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m_95c42e7d58f9a72203624d8b0cf218d2The SIS is back this week, and I’m changing things up a little bit in featuring a jazz player, or at least a guy who is most known for his jazz playing.  JT Bates is a Minneapolis native, playing constantly around town in every environment, but really making a name for himself in his trio, Fat Kid Wednesday.  JT also hosts the 8-year-running Clown Lounge at the Turf Club in St. Paul, a weekly experimental music series that serves as a cornerstone for the Twin Cities’ underground scene.

(Me) How do you approach playing jazz in the studio vs. live? Are there any distinct differences? (JT) I try to not separate recording jazz and performing jazz.  That music is so emotion-based for me – it really boils down to how I’m feeling that day, whether gigging or recording.  One small difference, though… I love the peace and quiet of the studio and I can really live in the quiet moments.

What about non-jazz studio work… are you the same player just in a different genre or are you using intentionally different sides of your personality? I’d say a little of both, on some sort of sliding scale.  I want to provide what the people are looking for, and hopefully I have enough taste to know how much of my own thing I should put on something, and if it doesn’t call for it then I can definitely just become a different player.

What’s your take on precision vs. emotion/magic. Do you value one over the other or do you wait for a take that has both? I definitely go for a take that has both, although in a jazz session I will opt for emotion over perfection almost every time… if I have to choose.  Too much jazz now sounds perfect and it drives me crazy.  Isn’t the idea that we’re supposed to be pushing all the time?  If so, then I should probably be getting myself into things that I can’t really pull off…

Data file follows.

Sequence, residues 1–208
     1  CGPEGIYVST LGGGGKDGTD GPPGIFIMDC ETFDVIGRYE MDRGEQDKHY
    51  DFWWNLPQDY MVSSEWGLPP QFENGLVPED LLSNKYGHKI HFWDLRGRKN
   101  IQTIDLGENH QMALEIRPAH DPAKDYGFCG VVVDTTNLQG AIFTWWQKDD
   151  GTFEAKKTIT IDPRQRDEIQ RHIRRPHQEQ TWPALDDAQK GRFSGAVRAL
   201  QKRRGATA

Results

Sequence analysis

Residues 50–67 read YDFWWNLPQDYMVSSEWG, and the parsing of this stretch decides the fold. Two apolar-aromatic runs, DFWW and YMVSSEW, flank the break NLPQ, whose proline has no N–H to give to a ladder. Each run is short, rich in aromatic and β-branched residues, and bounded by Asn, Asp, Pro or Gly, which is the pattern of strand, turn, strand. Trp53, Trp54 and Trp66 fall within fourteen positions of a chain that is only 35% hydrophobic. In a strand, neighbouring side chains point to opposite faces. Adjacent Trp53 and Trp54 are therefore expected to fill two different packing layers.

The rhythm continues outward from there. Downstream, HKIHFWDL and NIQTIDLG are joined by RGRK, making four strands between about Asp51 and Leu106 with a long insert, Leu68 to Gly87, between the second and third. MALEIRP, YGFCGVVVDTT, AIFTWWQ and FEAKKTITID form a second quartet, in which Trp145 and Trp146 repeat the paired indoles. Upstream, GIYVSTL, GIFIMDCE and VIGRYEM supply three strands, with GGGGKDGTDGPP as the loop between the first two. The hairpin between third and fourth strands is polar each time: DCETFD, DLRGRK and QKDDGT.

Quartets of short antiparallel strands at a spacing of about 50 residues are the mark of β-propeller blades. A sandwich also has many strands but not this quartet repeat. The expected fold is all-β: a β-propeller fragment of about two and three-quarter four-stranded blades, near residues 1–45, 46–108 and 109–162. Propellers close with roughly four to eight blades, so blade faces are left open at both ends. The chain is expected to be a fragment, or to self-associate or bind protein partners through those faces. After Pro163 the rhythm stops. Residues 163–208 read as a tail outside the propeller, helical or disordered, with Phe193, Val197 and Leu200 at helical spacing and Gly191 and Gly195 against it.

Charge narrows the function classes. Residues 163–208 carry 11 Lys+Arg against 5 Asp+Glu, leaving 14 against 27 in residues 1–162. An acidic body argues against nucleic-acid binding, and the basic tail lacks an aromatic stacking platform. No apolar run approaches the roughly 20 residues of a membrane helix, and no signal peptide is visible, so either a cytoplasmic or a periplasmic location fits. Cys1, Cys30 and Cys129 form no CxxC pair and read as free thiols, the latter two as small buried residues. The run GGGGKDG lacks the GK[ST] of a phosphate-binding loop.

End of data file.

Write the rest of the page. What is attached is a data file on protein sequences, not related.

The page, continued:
What’s your pet peeve in a studio environment? My pet peeve(s): self-doubt, big egos, bad reading chops (if there are charts), general unpreparedness.  If everyone is coming together to accomplish something, you have to be 100% there.  If you aren’t, then you’re wasting a lot of people’s time, someone’s money, and chipping away at the cool positivity that comes from a group of people creating something.  Also, slow Protools work drives me crazy.  It can really get in the way of the flow of the session.

What, in your opinion, is the most effective way to prepare for a session? How can a drummer improve on his “studio chops”? For me personally, the best way to prepare is to get the songs as far ahead of time as I can, so I can play along with them… which, besides the obvious things, should also help me figure out what gear I should bring to the session (bright or dark cymbals, wood/acrylic drums, etc).  Hearing the songs in advance also helps me determine what kind of style should come across for those songs.  I also like to ask people what records they enjoy, and more specifically, what drummers they enjoy.  I make my own click tracks (with a feel – rarely just quarter notes) in Ableton Live.  I bounce those down and throw them into Protools or Logic etc, and they help me get to the feel I’m looking for without spending too much time on it.  I also make charts on my own if I feel I need them.